Question: did you go through everything of this post? If you didn’t, don’t worry, you’re part of the average population. With so many articles to read, most Internet users prefer to skim. That’s why listicles work! Also known as a fishbone, a listicle also makes any long-form content easier to read.

How to Write a Listicle: Create the best-of lists. You may curate the hit blog posts or those that deliver the most traffic or possess keywords that rank well on Google.

You may also pair a listicle with an infographic to boost its sharability. Are you doing reciprocal linking? Share other people’s posts too.

7. Guest Post

First, what is a guest post? It can mean two things. One, you’re creating content for somebody else, and two, you publish other people’s articles.

Now, for many people, both of these sound counterproductive. But even the likes of Neil Patel believe it’s one of the best inbound marketing strategies.

Guest blogging works for many reasons. It saves you the hassle of creating content, which usually lasts around three hours each. If you’re writing for someone else, you can maximize the link juice and drive more traffic to your site. If someone known in your industry publishes your post, it increases your credibility.

How to Write a Guest Post: Research about the blog where you want to publish. Ask, “Can I offer something that they haven’t published yet?” Make guest posting a habit. Meanwhile, be open to other people’s posts. That’s how you help build relationships within your industry.

8. Case Studies

Case studies are formal papers, and “formal” is boring for some. Well, they aren’t for everyone either. They are best for prospects, and that’s the primary reason you should write them.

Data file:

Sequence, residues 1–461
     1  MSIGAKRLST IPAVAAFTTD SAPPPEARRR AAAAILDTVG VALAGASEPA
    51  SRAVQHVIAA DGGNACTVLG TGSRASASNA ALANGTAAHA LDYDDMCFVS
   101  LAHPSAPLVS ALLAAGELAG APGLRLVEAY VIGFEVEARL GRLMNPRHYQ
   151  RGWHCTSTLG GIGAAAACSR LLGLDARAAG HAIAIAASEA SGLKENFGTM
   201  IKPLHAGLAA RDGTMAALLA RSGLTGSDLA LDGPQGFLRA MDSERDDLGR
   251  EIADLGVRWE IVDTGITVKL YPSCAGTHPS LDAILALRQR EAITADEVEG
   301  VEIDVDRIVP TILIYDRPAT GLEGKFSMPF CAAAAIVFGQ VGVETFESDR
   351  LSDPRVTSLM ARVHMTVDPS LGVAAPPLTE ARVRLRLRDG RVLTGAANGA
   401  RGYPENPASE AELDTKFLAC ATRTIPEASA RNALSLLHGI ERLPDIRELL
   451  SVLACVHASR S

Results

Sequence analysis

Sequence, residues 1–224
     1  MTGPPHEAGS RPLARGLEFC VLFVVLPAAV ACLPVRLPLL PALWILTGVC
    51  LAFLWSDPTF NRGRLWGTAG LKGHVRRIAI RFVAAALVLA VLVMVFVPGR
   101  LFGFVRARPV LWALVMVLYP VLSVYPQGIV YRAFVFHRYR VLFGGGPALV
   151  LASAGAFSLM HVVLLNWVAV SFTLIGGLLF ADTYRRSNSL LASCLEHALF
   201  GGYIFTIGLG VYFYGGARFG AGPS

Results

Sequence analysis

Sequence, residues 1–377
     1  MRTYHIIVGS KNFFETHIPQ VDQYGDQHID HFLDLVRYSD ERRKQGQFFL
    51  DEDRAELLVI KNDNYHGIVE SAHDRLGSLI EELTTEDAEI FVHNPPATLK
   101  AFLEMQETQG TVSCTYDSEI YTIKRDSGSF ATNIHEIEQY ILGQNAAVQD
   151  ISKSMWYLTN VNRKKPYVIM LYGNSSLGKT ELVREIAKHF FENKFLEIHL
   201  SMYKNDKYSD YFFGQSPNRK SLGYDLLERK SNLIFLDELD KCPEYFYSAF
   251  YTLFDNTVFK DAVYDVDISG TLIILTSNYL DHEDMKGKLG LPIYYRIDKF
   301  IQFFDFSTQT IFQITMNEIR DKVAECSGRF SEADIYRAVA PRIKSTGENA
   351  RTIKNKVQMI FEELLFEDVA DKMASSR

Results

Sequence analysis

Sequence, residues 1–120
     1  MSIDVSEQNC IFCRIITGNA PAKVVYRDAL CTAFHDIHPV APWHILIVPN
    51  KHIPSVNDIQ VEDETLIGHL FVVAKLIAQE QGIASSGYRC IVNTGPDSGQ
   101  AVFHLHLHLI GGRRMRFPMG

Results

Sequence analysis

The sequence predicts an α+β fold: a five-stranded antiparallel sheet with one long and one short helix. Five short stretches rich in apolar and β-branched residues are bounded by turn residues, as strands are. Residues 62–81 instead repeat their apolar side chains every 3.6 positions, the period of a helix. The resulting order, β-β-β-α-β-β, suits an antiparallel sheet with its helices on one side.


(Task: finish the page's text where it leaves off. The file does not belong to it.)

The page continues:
With case studies, you can display your proficiency or knowledge about your industry. You can showcase your process, especially how you solve other people’s problems. They are also amazing tools for social proofing.

Since case studies are long, they can be bases for other blog post types, from industry news to infographic.

How to Write a Case Study: Make case studies visual by adding graphs, tables, and images. Include a table of contents as not everyone is happy to read long content. Dedicate a separate tab in your menu for all case studies. Label them properly.

9. Human Interest

Remember the saying “Love makes the world go round”? Emotions are basically what govern everything! All you need is to refer to the principles of Robert Cialdini to know that. What better way to appeal to them than through human-interest posts in your blog.

How to Write Human Interest: Focus more on images than texts. People want to see, not read, emotions. Even better, make a video. Talk about your team-building activities, outreach programs, and other corporate initiatives. Feature personal stories from customers, especially how the business helped them.

10. Freebies

You love a freebie, I love a freebie—everybody wants a freebie! When almost everything comes with a price tag, anything that doesn’t is always refreshing or welcome. The good news is you can create a blog out of it. Whether it’s a free course, mini-guide, e-book, or giveaway, let your readers know about it.

How to Write Freebie: Make it short, but emphasize the reasons your freebies are must-haves. Maximize them as well by giving them when they sign up to your mailing list.

11. FAQs

People will always have a dozen questions and concerns about products and services. As a business owner, you’ll see more of these when your offers are new or unique. Will it work? How much does it cost? What’s the science behind this? Is it legitimate? Spare them the queries by creating FAQ posts, where you answer the most common questions.

How to Write FAQs: Collate all the popular questions or foresee the most common queries. Write them as a list to make them easier to read and skim. Better yet, link sections in the table of contents. Every feature of your product, add a link to the FAQ page. It helps boost your internal linking strategies too.

Which one delivers results? All of them. In fact, when writing blog posts, variety is the name of the game.

You can even combine different blog post types in one post. Take, for example, interviews and human-interest stories, FAQs and listicles, and lists and infographics.

Either way, don’t forget the cardinal rule: build your brand. Use these blog posts to raise it up without resorting to hard selling.

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About Peter Keszegh

Peter Keszegh is the founder of OnlinebizBooster, a digital marketing website and blog. He authors in-depth guides that teach online biz owners ways to grow, manage, and scale their business. When he is not doing all those, he loves trying out new things and discovering new places.